I also remember a conversation that I had with a civilian friend one weekend at the Club 63 stag bar. He worked for some American corporation and used to drop by the stag bar from time to time because nobody ever asked for ID cards in there. Anyway, he mentioned that he'd just returned from a trip to Kinmen. During a previous trip there he noticed that only about half of their speakers were working. He did some troubleshooting, discovered the problem and fixed it. Now the speakers could really boom out toward the mainland again!

Well, on his latest trip he noticed that only about half the speakers were working again. He asked one of the Chinese soldiers what happened and the guy said, "Oh, we turned them off because they were just too noisy for us!"

Another USO Photo

Sarj sent in another photo that was taken during the Bob Hope USO Christmas show. This one shows Vice Admiral Melson sitting under the cue card stand. Note that the cue is for Miss America, Amedee Chabot.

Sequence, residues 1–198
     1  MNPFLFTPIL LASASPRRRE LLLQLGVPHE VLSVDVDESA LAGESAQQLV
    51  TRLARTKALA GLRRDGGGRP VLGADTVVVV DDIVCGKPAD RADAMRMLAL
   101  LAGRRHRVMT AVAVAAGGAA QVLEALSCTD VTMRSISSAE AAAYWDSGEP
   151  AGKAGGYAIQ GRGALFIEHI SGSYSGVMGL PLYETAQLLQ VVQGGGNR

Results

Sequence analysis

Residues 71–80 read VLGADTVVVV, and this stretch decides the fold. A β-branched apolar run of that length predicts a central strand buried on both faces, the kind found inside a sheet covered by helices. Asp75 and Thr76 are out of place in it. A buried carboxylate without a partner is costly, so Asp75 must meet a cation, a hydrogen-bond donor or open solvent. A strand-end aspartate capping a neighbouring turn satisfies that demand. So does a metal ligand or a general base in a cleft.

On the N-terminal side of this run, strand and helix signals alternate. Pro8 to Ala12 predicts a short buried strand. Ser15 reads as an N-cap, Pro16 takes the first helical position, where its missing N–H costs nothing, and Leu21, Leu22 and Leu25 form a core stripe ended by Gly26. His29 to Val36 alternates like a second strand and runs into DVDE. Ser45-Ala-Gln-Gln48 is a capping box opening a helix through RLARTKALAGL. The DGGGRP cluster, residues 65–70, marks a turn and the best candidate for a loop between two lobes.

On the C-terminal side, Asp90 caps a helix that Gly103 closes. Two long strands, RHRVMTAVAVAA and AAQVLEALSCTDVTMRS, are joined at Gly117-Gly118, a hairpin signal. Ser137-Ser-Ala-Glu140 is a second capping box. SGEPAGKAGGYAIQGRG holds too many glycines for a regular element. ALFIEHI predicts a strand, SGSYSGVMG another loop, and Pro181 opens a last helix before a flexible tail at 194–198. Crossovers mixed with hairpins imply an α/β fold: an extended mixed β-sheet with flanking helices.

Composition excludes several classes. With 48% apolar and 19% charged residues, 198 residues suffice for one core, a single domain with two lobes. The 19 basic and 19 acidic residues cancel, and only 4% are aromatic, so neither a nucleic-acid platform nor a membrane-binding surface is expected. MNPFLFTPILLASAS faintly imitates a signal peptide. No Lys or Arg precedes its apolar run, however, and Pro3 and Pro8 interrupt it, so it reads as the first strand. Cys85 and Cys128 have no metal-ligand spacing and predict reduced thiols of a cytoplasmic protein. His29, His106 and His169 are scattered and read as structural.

Here's a trivia question courtesy of your faithful TDC blogster: What ever happened to Ms. Amedee Chabot, Miss USA 1963? Well, if you ever want to buy a classy pad in the Merced area, click here.

Tuesday, May 27, 2008

A Trip To Matsu

Stev Pitchford provided some photographs and a narrative of his trip from USTDC to the Matsu Islands in 1959. Those were very tense times, especially in that area. I found an interesting account on-line that discusses another PBY that disappeared around that time. I certainly can't vouch for its accuracy but it makes for interesting reading. You can find that story here.

Here's Stev's account of his trip:

I was an E-3 PHGAN [Ground Photographer Airman] when I arrived in Taipei. Commander Best was the officer in charge of the photo lab. I had only been there two or three weeks when they sent me to Matsu with the commander. I still don't know why they sent me, but I tell people it was to confuse the enemy. We flew over in a PBY (don't hold me to that because I'm not an expert on aircraft), landed on the water, and when we climbed out of the plane there were 4 or 5 MAAG guys on the beach staring at me wondering what a PHGAN was. They thought I was some sort of nuclear technician. After they found out I was only a photographer, they wandered off. I told Sarj this story earlier and he thinks the trip was so the commander could get some flight pay. He could be right, but confusing the enemy makes for a better story so I'm sticking with that.